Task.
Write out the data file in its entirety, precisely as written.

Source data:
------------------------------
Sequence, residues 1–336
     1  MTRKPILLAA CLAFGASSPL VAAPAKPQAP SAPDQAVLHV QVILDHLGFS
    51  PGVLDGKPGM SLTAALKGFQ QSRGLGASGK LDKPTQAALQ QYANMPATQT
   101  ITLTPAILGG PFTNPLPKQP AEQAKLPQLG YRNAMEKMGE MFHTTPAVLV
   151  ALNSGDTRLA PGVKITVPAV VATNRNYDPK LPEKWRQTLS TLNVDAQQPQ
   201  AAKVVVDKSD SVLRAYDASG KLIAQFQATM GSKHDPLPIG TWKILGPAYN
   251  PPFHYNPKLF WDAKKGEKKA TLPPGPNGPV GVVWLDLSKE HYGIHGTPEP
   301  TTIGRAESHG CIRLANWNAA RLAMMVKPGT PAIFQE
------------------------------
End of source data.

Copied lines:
Sequence, residues 1–336
     1  MTRKPILLAA CLAFGASSPL VAAPAKPQAP SAPDQAVLHV QVILDHLGFS
    51  PGVLDGKPGM SLTAALKGFQ QSRGLGASGK LDKPTQAALQ QYANMPATQT
   101  ITLTPAILGG PFTNPLPKQP AEQAKLPQLG YRNAMEKMGE MFHTTPAVLV
   151  ALNSGDTRLA PGVKITVPAV VATNRNYDPK LPEKWRQTLS TLNVDAQQPQ
   201  AAKVVVDKSD SVLRAYDASG KLIAQFQATM GSKHDPLPIG TWKILGPAYN
   251  PPFHYNPKLF WDAKKGEKKA TLPPGPNGPV GVVWLDLSKE HYGIHGTPEP
   301  TTIGRAESHG CIRLANWNAA RLAMMVKPGT PAIFQE